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China Trade album - making silk

Date: c 1860
Overall: 250 x 365 mm, 326.7 g
Display dimensions (Open): 250 x 730 mm
Medium: Paper, watercolours
Credit Line: ANMM Collection
Object Name: Painting album
Object No: 00045359

User Terms

    A 19th century China Trade album containing a set of 12 watercolour paintings on pith 'paper', illustrating the processes of making silk - beginning with picking mulberry leaves and ending with presenting the finished silk to a merchant. The paintings are mounted on paper,and the edges are covered with a silk-like border. The album is bound in cardboard covered in red brocaded silk. Chinese pith paintings were created for the export market as trade with the west expanded, between 1700 and 1900. They were made for sale to merchants, shipmasters and other western visitors.
    SignificanceThe album of pith paintings represents the maritime trade between China and the western world of the 19th century, in which Australia had an important part. The illustrations of silk-making promoted one of the major commodities of the Chinese export trade. Complete albums of pith paintings are now rare; individual paintings taken from them are more commonly found. 'China Trade' art and objects were carried home by the seafarers and others who traded with China.
    History'China Trade' painting and other forms of art were produced from 1700 to 1900 by artists painting in the Western manner for traders and ships' officers who visited the China coast. Pith paintings were created exclusively for this export market. Paintings were usually by anonymous artists working in studios in the trading ports.

    Pith 'paper' is made from pith extracted from the stems of the Tetrapanax Papyriferum plant, native to southern China and Taiwan. The pith is dried, cut into lengths, and very finely peeled to give the paper-like sheets. Its cellular structure makes it highly reactive to moisture. When water-based paint is applied, the cells swell causing the painted image to appear in relief and giving brilliance to the colours.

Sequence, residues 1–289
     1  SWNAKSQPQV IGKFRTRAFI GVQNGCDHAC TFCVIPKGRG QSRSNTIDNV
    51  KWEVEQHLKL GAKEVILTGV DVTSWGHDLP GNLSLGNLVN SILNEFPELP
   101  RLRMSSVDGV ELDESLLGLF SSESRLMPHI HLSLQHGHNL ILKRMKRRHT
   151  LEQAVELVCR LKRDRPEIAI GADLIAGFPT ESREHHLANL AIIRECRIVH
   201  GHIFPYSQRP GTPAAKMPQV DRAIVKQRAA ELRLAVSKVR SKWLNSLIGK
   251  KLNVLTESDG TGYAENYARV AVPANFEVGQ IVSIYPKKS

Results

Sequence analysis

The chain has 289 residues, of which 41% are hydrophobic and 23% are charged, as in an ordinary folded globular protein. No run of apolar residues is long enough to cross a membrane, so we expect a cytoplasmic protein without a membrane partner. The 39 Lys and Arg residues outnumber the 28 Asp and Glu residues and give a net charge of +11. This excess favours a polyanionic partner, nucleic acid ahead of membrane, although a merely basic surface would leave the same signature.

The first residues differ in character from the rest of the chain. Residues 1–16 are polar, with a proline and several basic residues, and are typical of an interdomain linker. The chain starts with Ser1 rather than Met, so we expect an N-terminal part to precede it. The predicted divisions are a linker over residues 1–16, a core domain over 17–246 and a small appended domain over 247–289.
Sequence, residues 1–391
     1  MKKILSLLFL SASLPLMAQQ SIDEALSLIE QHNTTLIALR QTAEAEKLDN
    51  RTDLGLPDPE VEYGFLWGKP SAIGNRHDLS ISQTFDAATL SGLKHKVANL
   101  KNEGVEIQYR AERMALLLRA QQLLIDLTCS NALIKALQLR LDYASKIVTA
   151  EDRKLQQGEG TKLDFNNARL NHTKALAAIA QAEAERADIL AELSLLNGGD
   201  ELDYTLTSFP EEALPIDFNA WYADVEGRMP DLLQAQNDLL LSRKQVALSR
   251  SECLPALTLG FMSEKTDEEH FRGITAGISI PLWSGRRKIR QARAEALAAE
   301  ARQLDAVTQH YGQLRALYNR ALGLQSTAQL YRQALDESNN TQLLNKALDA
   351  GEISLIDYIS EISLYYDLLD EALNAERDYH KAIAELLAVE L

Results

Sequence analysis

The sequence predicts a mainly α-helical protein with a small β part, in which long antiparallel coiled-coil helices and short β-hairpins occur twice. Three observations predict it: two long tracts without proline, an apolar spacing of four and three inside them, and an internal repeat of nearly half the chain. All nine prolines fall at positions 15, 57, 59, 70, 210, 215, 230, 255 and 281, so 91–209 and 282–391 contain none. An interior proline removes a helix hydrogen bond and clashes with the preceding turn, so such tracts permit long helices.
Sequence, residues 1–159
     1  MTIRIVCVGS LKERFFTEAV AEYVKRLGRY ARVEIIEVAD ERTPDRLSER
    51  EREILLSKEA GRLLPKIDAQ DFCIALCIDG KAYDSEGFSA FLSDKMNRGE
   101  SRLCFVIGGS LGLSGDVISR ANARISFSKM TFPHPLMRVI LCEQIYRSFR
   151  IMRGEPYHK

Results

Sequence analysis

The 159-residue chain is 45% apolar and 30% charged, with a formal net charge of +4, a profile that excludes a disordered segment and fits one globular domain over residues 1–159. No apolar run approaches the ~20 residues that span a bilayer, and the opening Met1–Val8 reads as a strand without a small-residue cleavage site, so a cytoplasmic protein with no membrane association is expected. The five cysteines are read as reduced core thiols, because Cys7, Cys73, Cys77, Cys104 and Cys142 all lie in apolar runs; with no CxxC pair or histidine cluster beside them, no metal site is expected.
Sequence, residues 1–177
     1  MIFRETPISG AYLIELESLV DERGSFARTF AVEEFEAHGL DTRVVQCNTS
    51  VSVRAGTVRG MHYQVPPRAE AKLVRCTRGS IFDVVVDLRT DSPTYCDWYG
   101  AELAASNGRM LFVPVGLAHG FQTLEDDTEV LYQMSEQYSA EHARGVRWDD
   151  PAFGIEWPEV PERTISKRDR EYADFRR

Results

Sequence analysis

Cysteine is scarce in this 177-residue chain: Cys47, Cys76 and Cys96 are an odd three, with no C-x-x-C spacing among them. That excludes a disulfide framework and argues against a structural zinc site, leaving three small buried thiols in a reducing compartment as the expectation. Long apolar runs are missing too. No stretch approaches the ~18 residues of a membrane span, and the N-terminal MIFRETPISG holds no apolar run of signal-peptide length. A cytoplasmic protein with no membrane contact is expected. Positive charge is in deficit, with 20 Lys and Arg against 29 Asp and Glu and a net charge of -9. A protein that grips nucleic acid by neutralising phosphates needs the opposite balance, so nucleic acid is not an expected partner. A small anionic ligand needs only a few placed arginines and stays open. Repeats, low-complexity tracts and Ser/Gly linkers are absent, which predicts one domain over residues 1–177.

Pith seems not to have been adopted for painting until about 1820. Some European museums claim that their paintings on pith (often erroneously called “rice paper” or “mulberry pith”) come from the end of the eighteenth century but there do not seem to be any dateable examples that are so early.

    Pith presumably came into use for painting to satisfy the increasing demand for small, inexpensive and easily transported souvenirs, following the massive growth in the China Trade in the first quarter of the nineteenth century. Paintings in oils, on board and canvas were costly and difficult to carry home. Earlier and more prestigious export water-colours had often been on a larger scale and painted on fine Chinese paper or on paper imported from Europe. The albums of pith paintings (and later the little glass-fronted boxes) were inexpensive, light, easy to pack and gave the pictures some protection on the long voyage home. Because many were sold in albums and hence protected from the light, they retain their bright colours to this day.

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